1988: Joe Ryan, then of Veterans for Peace carried out the first testing of rural water sources in the vicinity of El Cuá, Department of Jinotega, in cooperation with the MINSA Epidemiology laboratory of Matagalpa.
1989: Robert Harvey and Fred Jacob, then of Veterans Peace Action Teams (VPAT) and UNAG, carried out a survey of water quality in the sources used in 11 communities in the Cuá-Bocay Valley, working with the MINSA Health centers in El Cuá and San José de Bocay.
Of 69 water sources tested 67 were found to have serious fecal contamination.
The VPAT well-drilling rig arrived and began to work in Cuá-Bocay.
Joe Ryan collecting drinking water samples, Cuá-Bocay valley 1988
1990: A water testing laboratory was set up in the El Cuá Health Center, with two technicians trained. This laboratory continues to function with TASCA support.
The Dirección de Acueductos Rurales (DAR) of ENACAL (then INAA) began construction of water systems in 22 communities in Cuá-Bocay. The Millipore filtration method was introduced in the MINSA Epidemiology laboratory of Matagalpa, beginning a long-term collaboration.
The Under-5 Infant Mortality Rate in Nicaragua was reported by WHO to be 68 per 1000 live births.
Contaminated spring serving part of the community of Sta. Rosa, Cuá-Bocay, 1989
1991: TASCA was formed by Joe Ryan, Fred Jacob and Robert Harvey.
TASCA began collaboration with ENACAL/DAR, enabling testing of water quality in newly installed systems.
1992: TASCA established a rural water testing laboratory in Jinotega in collaboration with ENACAL/DAR. This laboratory operated until 1996, when the SILAIS Jinotega Departmental laboratory took over its functions.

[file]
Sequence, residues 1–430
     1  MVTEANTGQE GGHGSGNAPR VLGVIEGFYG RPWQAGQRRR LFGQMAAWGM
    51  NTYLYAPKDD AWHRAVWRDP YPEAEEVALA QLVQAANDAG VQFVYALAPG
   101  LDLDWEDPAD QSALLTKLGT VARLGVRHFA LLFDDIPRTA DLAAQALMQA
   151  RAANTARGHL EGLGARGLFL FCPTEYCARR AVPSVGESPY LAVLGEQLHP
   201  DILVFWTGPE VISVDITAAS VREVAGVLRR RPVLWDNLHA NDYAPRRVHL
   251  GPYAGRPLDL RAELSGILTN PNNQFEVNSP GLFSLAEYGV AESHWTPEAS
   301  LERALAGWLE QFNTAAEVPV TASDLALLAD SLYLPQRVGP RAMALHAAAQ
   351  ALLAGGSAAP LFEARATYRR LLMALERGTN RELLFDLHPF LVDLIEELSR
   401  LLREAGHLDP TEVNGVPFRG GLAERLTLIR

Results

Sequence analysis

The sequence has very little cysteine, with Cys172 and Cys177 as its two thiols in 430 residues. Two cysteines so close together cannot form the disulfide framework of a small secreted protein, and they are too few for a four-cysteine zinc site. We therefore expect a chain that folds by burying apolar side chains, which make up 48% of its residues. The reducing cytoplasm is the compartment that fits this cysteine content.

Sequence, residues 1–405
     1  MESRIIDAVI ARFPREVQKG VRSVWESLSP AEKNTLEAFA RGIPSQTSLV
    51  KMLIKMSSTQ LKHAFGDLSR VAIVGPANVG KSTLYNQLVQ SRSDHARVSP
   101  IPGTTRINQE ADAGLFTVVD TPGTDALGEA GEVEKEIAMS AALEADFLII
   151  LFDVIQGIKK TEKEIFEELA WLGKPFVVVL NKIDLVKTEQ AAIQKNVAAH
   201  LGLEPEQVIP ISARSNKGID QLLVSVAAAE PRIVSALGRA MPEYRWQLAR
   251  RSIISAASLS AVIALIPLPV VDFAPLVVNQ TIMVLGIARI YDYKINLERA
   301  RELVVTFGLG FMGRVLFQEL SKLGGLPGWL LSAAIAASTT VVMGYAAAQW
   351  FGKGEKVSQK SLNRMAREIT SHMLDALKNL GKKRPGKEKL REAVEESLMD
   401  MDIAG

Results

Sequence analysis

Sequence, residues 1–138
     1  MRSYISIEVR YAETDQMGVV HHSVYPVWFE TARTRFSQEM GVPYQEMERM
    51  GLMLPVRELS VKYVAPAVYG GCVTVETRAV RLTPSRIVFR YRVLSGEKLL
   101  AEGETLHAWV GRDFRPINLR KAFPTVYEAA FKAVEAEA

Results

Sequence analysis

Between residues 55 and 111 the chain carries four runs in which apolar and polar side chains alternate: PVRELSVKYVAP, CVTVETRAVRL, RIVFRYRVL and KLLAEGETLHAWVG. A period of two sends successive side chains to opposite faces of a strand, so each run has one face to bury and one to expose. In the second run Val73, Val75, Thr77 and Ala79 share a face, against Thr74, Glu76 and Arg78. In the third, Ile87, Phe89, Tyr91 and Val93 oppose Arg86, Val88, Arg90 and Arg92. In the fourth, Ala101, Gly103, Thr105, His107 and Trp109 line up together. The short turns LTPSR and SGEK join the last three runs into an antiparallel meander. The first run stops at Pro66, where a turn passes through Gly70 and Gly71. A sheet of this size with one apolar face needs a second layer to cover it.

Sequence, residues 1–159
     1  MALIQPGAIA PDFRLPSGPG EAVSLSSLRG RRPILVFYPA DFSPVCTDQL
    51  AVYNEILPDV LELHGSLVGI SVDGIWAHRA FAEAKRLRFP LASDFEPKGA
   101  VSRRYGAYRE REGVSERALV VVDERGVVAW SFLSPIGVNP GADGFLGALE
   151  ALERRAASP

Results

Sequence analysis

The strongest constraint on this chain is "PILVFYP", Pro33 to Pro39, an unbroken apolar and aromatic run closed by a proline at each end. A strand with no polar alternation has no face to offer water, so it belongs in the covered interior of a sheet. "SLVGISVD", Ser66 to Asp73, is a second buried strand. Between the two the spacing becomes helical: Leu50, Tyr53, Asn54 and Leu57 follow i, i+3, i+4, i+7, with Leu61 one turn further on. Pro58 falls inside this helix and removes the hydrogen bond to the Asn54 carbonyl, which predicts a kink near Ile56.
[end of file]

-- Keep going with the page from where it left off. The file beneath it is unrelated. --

Filtering water samples, Matagalpa lab
1993: TASCA established a rural water testing laboratory in Tuma-La Dalia in collaboration with ENACAL/DAR, training three technicians. This laboratory continues to function with TASCA support. TASCA and the Centro Nacional de Diagnóstico y Referencia (CNDR) of MINSA commenced their continuing collaboration. TASCA was incorporated as a not-for-profit organization in North Carolina.
1995: In cooperation with SILAIS Jinotega of MINSA TASCA established a Departmental level water testing lab in Jinotega, capable of testing 200 samples per week.
1996: The TASCA scholarship program began, supporting studies of two doctors from El Cuá towards the Masters in Public Health in UNAN-León. The Jinotega Departmental water lab was expanded to provide testing for cholera and other epidemic and endemic diseases, and low-cost clinical testing.
1997: In cooperation with SILAIS Madriz of MINSA TASCA established a Departmental level water testing lab in Somoto, capable of testing ~80 water samples per week and of testing for cholera in water and feces. TASCA established a rural water testing laboratory in the Health Center of San Dionisio in collaboration with ENACAL/DAR and MINSA, which continues to operate.
On the left, first scholarship recipient, from El Cua. He continues to live and work in this rural community.
Study commenced by TASCA and the DAR of Matagalpa to validate an inexpensive and simple field method for rural water testing which detects the presence of bacteria which produce hydrogen sulfide as indicators of fecal contamination.